Ceding Control of Core Internet Systems: What’s Really Happening?

On Saturday, the U.S. government plans to cede control of some of the internet's core systems -- namely, the directories that help web browsers and apps know where to find the latest weather, maps and Facebook musings.

The U.S. has been in charge of these systems for more than three decades; plans to transfer control of these functions to a nonprofit oversight organization have been in the works since the late 1990s. Some Republicans in Congress raised late objections over the transfer, which they termed a "giveaway" to the rest of the world. But they failed to block the move in a spending bill to keep the government operating.

Here's a look at the systems in question and what's at stake for internet users.

Wait, the U.S, Government Controls the Internet?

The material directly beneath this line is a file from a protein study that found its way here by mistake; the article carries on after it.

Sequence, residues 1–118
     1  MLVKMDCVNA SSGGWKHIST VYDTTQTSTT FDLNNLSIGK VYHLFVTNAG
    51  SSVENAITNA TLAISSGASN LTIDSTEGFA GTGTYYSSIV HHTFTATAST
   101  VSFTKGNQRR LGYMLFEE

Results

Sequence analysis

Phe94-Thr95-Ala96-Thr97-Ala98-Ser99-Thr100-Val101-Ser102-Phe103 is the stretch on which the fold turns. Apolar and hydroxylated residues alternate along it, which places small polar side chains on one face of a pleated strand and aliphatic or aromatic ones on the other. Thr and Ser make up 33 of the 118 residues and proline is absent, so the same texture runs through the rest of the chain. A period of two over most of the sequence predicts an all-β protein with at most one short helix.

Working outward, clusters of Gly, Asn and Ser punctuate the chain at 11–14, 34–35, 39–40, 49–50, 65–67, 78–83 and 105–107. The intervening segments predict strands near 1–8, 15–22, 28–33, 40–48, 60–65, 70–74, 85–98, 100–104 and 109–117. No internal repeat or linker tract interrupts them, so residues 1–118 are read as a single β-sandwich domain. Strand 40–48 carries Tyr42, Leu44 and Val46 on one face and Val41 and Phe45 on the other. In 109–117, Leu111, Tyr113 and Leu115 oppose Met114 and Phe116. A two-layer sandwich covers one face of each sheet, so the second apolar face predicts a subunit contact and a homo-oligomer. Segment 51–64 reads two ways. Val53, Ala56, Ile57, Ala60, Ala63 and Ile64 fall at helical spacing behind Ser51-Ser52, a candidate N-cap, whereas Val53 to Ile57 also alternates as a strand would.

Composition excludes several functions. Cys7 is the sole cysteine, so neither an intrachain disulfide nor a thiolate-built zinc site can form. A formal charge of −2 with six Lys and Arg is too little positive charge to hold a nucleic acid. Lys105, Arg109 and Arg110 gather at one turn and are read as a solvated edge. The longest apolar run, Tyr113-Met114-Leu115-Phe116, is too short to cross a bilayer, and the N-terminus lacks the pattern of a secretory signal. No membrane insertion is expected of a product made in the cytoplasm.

No single government, business, organization or individual controls all the computers and pipelines making up the internet.

But the internet does depend on an addressing system called the domain name system. This includes directories that help computers on the network how to send data such as email and web requests where it needs to go.

Control over these directories bestows some influence over the internet, although it's limited to deciding what gets included in those directories. For instance, can a Google critic register google-sucks.org, or does Google get first dibs? What about creating a domain name suffix just for porn sites? It has nothing to do with what websites publish; this is just about making sure your browser can find those sites.

Since 1998, an organization called the Internet Corporation for Assigned Names and Numbers has overseen the directories, mostly by setting rules and creating mechanisms for settling disputes. But ICANN also has an overseer: the U.S. Commerce Department's National Telecommunications and Information Administration. It's a historical arrangement stemming from U.S. funding for the internet's...

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